Working with ag
Working with Farm Bureau has been important to Barrasso, too.
“From my time in the Wyoming State Legislature, Wyoming Farm Bureau has always been a tremendous resource for me in gathering information to make decisions about agricultural issues,” Barrasso said. “I have fond memories of working with past Farm Bureau leaders including Perry Livingston, Larry Bourret, Mark Marquardt and Karen Henry.”
He continued, “Now I look to Ken Hamilton, Todd Fornstrom and Brett Moline, who do a great job representing the Wyoming members. Cole Coxbill has also been a great advocate for Wyoming-specific issues. Leaders of Wyoming agriculture are highly respected in Washington because they are so involved and so dedicated to commonsense solutions to problems across the country. No matter when we call, members of the Wyoming Farm Bureau are always there to provide their expertise.”
For Barrasso, helping farmers and ranchers is all in a day’s work.
“I consistently hear that the biggest obstacles facing our farming and ranching communities are the rules and regulations coming out of Washington,” he explained. “Wyoming and our nation’s ranchers should be focused on running their operations – not dealing with bureaucratic red tape. I will continue to work on repealing regulations that do more harm than good.”
Certainly, he also understand agriculture’s role in rural communities.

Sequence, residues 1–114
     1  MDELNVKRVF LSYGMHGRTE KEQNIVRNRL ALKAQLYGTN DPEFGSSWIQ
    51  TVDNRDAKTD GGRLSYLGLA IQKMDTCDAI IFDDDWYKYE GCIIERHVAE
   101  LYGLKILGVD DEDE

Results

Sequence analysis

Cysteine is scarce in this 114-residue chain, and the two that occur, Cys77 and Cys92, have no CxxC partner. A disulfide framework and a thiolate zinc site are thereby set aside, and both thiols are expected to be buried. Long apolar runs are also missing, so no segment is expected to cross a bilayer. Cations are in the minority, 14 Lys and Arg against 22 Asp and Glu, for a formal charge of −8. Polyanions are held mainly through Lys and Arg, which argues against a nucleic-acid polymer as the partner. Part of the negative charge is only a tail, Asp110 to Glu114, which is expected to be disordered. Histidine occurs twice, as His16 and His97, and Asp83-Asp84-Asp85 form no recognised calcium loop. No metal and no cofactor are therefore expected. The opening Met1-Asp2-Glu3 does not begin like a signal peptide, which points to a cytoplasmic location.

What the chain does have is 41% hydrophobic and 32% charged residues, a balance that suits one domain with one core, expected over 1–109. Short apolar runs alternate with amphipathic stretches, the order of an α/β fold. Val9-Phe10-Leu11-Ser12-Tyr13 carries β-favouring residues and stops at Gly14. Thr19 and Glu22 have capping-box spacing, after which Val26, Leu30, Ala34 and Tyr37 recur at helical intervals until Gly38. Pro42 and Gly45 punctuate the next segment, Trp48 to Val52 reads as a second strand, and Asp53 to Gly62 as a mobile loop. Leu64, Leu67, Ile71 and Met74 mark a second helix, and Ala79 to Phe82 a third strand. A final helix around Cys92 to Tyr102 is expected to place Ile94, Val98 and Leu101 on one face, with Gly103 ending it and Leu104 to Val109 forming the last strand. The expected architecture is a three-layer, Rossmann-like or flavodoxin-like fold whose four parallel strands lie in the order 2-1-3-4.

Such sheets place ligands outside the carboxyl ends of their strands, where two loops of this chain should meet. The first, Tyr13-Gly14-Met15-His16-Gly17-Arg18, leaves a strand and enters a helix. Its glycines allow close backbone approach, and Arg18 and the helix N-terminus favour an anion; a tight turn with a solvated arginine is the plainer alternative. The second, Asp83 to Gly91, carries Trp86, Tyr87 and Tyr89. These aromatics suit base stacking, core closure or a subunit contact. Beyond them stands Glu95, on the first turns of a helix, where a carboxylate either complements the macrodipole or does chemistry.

“Our nation’s farmers and ranchers are the ones who produce the safe, high-quality food and fiber we all rely on. In Wyoming, the agriculture industry has a long and proud history. We know that if agriculture is strong, so are our western communities,” said Barrasso, adding, “One of my favorite events to attend every year is the Centennial Farm and Ranch Awards. It is not an easy task to remain in business for a century when Mother Nature continues to throw curveballs of excessive moisture or drought, but these families run the most unwavering operations in Wyoming.”
Barrasso sees working with the new leaders in D.C. optimistically.
“With the new Trump administration, we now have the opportunity to look to the future and develop commonsense policies that recognize successful management depends on engagement at the local level,” he said. “We’re already working with the Trump administration to reverse harmful regulations like the Bureau of Land Management’s Planning 2.0 rule, WOTUS and endangered species reform.”
As for the award, the Senator is very pleased.
“It’s an honor to receive the Farm Bureau’s Golden Plow Award. It’s hard to think of more hard working people than our nation’s farming communities. I will continue to stand up for them by fighting against Washington overreach and preserving the water rights of farmers and ranchers across the country,” Barrasso concluded.
Rebecca Colnar is a correspondent for the Wyoming Livestock Roundup. Send comments on this article to firstname.lastname@example.org.